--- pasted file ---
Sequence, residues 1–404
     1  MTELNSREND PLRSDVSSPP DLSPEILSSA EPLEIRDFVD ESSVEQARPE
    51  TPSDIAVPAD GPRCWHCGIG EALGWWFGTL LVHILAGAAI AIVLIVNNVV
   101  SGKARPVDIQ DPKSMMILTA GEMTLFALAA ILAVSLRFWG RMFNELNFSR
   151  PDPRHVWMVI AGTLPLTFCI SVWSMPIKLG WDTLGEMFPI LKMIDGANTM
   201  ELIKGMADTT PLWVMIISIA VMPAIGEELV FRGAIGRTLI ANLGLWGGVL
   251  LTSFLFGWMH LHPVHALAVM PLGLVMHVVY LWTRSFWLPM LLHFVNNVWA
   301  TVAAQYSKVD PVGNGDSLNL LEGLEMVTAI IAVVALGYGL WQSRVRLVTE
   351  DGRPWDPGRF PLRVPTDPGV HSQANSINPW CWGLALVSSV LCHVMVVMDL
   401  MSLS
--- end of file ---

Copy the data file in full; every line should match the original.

Sequence, residues 1–404
     1  MTELNSREND PLRSDVSSPP DLSPEILSSA EPLEIRDFVD ESSVEQARPE
    51  TPSDIAVPAD GPRCWHCGIG EALGWWFGTL LVHILAGAAI AIVLIVNNVV
   101  SGKARPVDIQ DPKSMMILTA GEMTLFALAA ILAVSLRFWG RMFNELNFSR
   151  PDPRHVWMVI AGTLPLTFCI SVWSMPIKLG WDTLGEMFPI LKMIDGANTM
   201  ELIKGMADTT PLWVMIISIA VMPAIGEELV FRGAIGRTLI ANLGLWGGVL
   251  LTSFLFGWMH LHPVHALAVM PLGLVMHVVY LWTRSFWLPM LLHFVNNVWA
   301  TVAAQYSKVD PVGNGDSLNL LEGLEMVTAI IAVVALGYGL WQSRVRLVTE
   351  DGRPWDPGRF PLRVPTDPGV HSQANSINPW CWGLALVSSV LCHVMVVMDL
   401  MSLS